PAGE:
Credit cards generally require you to make a minimum payment on your balance at the end of your billing cycle each month. It is very important that you make these payments on time, and if at all possible pay off the whole balance to avoid paying interest. But what happens if - perhaps due to lack of funds or forgetfulness - you do end up paying late or even missing a payment altogether?
There are three main ways in which a late or missed payment can impact you financially:
- You may be charged late payment fees
- Your standard interest rate may increase
- You may lose any 0% interest rate promotions, with interest reverting to your standard rate
- Your late payment may be added to your credit history and can harm your credit score
Let's take a look at the financial implications of each of these situations, and discuss what you need to know.
Late Payment Fees
Your credit card agreement will include a set of default fees that are charged for various circumstances: late payment, returned payment (e.g., a bounced cheque), and going over the credit limit. These fees typically range from £9 (found on Virgin Money cards) to £12, with most cards charging £12. For smaller balances this fee represents a substantial proportion of your total balance. In fact, a single late payment charge can cost as much as nearly a full year's worth of interest. Of the three potential repercussions of paying late, the late penalty charge has the smallest consequences. It is simply a one time cost. You can find the default charges in your terms & conditions, or by checking the bottom section of the Summary Box on your credit card's web page. A Sample default charges section of a Summary Box is shown below, so you know what to look for.
Higher Interest Rates
Credit card companies generally don't raise the interest rate on your credit card without giving 30 days notice and only do so after the first year. These guidelines are not mandatory but are voluntary, yet most lenders adhere to them - a good thing, as they are designed to protect consumers. More information on how the circumstances under which your interest rate can change can be found in The Lending Code. There are some major exemptions to the soft "rules" that your credit card company shouldn't increase your rate in the first year or without notice:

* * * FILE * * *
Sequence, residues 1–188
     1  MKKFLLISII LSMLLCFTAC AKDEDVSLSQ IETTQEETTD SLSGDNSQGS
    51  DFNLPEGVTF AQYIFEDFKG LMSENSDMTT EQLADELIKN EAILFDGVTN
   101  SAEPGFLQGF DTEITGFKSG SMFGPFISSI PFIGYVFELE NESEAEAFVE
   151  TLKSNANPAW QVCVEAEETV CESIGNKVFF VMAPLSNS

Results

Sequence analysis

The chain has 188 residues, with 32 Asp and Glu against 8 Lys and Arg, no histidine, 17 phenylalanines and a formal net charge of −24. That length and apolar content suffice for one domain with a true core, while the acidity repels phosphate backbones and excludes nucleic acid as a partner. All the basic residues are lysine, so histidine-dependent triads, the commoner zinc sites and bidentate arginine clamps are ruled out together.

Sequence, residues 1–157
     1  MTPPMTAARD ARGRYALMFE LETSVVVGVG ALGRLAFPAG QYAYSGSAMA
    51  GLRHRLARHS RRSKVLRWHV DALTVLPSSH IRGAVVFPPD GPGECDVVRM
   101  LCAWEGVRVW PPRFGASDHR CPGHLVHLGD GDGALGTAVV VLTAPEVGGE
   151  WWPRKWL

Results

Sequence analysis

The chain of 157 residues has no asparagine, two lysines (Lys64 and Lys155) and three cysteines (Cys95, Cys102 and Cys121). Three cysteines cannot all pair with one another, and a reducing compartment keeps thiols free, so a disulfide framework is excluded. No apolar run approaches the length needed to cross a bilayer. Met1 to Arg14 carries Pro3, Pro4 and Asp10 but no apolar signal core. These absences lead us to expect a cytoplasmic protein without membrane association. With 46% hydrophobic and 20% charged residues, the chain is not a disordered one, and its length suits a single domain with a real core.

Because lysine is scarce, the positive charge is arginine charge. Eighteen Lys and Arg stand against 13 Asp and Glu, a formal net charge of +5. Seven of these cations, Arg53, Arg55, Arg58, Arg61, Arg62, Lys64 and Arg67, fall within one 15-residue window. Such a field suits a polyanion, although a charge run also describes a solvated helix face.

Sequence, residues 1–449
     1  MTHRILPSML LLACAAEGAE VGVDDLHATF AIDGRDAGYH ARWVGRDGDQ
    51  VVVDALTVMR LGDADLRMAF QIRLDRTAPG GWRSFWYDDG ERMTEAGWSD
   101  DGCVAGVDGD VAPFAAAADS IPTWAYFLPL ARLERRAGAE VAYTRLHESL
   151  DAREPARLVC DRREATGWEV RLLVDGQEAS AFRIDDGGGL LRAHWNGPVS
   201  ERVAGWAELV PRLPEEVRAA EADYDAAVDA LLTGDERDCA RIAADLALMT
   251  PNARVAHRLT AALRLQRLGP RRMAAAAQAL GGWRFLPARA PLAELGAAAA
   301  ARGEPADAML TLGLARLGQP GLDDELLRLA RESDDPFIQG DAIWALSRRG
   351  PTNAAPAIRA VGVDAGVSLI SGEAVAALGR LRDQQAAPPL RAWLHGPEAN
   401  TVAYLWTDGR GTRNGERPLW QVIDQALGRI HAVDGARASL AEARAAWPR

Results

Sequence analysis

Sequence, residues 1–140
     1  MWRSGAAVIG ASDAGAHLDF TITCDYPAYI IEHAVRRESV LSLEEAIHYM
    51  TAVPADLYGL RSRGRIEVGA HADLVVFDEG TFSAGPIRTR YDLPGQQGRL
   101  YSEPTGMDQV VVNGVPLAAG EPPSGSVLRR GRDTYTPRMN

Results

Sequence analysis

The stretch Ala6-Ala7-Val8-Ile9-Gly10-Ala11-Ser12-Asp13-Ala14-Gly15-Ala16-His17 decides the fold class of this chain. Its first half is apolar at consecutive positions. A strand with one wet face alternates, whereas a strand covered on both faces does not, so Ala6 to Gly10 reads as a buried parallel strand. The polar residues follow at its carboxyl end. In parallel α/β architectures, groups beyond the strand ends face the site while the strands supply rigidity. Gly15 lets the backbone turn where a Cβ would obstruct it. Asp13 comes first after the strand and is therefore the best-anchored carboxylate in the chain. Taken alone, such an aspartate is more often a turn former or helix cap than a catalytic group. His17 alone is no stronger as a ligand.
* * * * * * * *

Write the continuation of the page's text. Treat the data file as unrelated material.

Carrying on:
- Interest rates set to directly track an index (e.g., the base rate)
- A promotional interest rate that has reached the end of its natural duration, or has been revoked early by
- the cardholder (e.g., due to a missed payment)
- Interest rates may be subject to risk-based re-pricing due to late or missed payments
Adverse Effects on your Credit Report and Credit Score
Late payments will generally be reported to the credit agencies and stay on your record for six years, so they can have a lasting impact on your ability to get future credit from prospective lenders. Beyond being a mark for potential lenders to see and use, late payments within the past 6 months will also decrease your credit score. The impact will depend on a number of factors including the frequency of your missed payments, the "lateness" of late payments (i.e., the number of days late), and other elements of your credit history.
We cannot overemphasize the importance of paying on time. Late payments lead to a lower credit score, which in turn will decrease your chances of lenders accepting you for a credit card, loan or mortgage. If and when you do get approved, a lower credit score may very well result in a higher interest rate, costing you money over the long term.